After weeks of extremely cold temperatures, it finally feels like spring around here. With a high yesterday of 63°F., I spent the day outside looking over calves and enjoying the sunshine while it lasts. However, with warm spring temperatures comes a big concern for cattlemen, and that’s calf scours. Here are four things to keep in mind when dealing with scours on your operation, thanks to Don Hansen, Oregon State University Extension veterinarian.
1. No ranch is immune to scours.
“Almost no herd goes through a calving season without some scours. In severe outbreaks, the effects of scours in an individual herd can be overwhelming. Illness may occur in 70% of calves born and death may occur in 50%,” writes Hansen.
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2. Scours can be caused by many factors.
“Many factors influence the occurrence of diarrheal disease. Factors that predispose calves to scours include: dystocia, exposure, poor nutrition of dam, poor health of dam, poor mothering ability of dam, etc. Rotavirus and coronavirus are the most common viruses associated with calf scours. Both viruses infect the lining cells of the intestinal tract and destroy the cells that digest and absorb milk,” he explains.
Additionally, E. coli (Escherichia coli), Salmonella and Cryptosporidia can also invade the gut cells and cause scours. One consideration is a pre-calving vaccination to prevent scours, as well.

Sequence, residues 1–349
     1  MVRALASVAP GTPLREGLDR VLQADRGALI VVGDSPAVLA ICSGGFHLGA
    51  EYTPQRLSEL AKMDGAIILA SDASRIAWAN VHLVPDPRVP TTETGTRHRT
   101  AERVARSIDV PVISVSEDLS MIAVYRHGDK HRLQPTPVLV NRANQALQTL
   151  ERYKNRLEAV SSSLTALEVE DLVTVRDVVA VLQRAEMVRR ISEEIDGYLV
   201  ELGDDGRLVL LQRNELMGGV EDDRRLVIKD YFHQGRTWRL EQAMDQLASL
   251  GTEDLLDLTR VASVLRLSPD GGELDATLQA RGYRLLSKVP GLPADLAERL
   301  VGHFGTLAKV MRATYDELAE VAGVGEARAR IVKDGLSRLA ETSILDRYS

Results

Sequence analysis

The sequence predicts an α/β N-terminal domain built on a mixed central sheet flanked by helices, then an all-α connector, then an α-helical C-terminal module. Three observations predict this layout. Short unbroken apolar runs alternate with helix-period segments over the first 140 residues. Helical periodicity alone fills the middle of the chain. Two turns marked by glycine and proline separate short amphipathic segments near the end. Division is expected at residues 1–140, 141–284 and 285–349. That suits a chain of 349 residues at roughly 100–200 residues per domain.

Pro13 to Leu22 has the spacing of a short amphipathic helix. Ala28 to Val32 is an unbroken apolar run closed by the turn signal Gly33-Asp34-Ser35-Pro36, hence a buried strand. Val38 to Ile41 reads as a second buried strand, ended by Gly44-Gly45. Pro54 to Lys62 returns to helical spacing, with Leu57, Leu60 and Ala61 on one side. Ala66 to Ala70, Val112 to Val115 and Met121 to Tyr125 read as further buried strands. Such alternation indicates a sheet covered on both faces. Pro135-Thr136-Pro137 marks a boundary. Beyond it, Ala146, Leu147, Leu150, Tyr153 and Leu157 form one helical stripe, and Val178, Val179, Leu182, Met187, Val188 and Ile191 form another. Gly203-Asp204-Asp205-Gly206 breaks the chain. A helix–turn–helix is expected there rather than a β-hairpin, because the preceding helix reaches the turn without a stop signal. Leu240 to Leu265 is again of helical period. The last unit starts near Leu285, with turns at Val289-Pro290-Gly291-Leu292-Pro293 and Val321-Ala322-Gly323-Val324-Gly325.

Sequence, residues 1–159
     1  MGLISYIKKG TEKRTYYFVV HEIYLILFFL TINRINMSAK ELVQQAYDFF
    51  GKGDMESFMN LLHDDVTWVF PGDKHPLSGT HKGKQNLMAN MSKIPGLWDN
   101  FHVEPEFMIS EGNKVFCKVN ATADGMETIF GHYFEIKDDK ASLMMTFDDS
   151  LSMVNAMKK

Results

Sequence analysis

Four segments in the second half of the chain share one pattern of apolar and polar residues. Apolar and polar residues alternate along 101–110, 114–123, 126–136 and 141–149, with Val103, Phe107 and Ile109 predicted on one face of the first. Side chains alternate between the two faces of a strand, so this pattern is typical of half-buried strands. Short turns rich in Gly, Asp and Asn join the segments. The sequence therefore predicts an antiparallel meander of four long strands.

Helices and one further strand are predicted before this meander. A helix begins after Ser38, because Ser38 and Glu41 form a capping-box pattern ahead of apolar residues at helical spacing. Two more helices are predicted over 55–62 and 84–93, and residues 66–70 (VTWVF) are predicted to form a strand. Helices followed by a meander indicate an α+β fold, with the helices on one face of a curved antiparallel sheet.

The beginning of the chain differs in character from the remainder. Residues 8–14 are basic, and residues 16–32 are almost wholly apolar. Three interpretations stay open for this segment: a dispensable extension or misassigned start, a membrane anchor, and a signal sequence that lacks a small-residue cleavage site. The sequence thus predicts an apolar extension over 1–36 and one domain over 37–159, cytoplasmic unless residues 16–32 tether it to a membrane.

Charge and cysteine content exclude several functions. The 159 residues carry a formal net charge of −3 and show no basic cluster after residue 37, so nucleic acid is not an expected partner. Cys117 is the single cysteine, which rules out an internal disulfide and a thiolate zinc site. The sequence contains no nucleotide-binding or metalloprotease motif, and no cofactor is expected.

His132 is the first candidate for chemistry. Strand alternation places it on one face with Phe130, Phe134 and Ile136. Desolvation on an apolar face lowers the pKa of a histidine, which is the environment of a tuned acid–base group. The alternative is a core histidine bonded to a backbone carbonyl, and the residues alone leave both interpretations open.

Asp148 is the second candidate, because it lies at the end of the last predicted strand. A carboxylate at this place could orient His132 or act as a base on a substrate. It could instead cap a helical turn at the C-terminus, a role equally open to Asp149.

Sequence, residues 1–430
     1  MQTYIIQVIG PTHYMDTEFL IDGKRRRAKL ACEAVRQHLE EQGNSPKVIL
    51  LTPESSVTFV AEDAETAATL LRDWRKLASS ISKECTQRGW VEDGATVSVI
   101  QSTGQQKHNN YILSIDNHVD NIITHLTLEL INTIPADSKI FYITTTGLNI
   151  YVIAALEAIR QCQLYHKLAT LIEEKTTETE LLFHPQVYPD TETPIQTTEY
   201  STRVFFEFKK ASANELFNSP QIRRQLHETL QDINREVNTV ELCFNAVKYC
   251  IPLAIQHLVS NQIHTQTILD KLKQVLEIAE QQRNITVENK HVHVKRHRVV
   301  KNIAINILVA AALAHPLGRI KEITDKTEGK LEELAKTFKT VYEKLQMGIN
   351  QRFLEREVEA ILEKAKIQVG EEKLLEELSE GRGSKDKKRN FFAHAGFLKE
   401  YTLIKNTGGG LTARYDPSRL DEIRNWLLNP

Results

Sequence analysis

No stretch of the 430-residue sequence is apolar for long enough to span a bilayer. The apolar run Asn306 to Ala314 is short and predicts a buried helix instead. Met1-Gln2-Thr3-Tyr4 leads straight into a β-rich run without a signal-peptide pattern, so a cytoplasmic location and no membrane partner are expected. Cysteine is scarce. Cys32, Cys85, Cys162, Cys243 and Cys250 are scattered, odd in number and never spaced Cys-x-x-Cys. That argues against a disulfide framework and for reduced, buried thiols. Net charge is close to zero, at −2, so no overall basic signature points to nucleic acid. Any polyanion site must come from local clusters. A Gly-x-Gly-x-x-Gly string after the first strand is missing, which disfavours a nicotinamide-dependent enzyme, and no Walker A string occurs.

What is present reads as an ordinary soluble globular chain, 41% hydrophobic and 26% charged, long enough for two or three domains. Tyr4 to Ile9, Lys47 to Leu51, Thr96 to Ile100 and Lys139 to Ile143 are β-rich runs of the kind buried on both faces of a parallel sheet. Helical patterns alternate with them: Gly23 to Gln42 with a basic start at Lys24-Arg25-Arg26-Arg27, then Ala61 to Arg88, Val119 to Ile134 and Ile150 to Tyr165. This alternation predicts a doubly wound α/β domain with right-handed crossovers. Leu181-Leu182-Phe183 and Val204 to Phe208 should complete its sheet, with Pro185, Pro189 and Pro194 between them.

3. Early treatment of scours is key.
When a calf gets scours, they often become weaker and are less apt to take in enough milk to stay hydrated. Waiting too long to get fluids in a calf is one of the biggest mistakes a rancher can make in the treatment of scours.
“By far, the most important treatment measure is replenishment of vital fluids and electrolytes. Numerous formulas are now available commercially that are designed for rehydration, correction of pH imbalance, and replacement of lost electrolytes (K, Na, Cl, and bicarbonate). You should have a supply on hand to meet a scours problem before it occurs. Consult with your veterinarian for selection of product and volume of mixture to be given to treat sick calves,” Hansen recommends.
4. Move cow-calf pairs to a different location than your calving pen.
To prevent scours or limit the spread of scours, it is recommended that ranchers have an open lot or pasture to put cows in once they have calved. This helps slow the spread of viruses and bacteria. Even though snow and mud are issues during late winter and early spring calving, try to keep the calving area as clean and dry as possible, as well, so the calves are able to suck on clean udders.
What have been your tried-and-true methods for managing and preventing scours? Share your tips in the comments section below.
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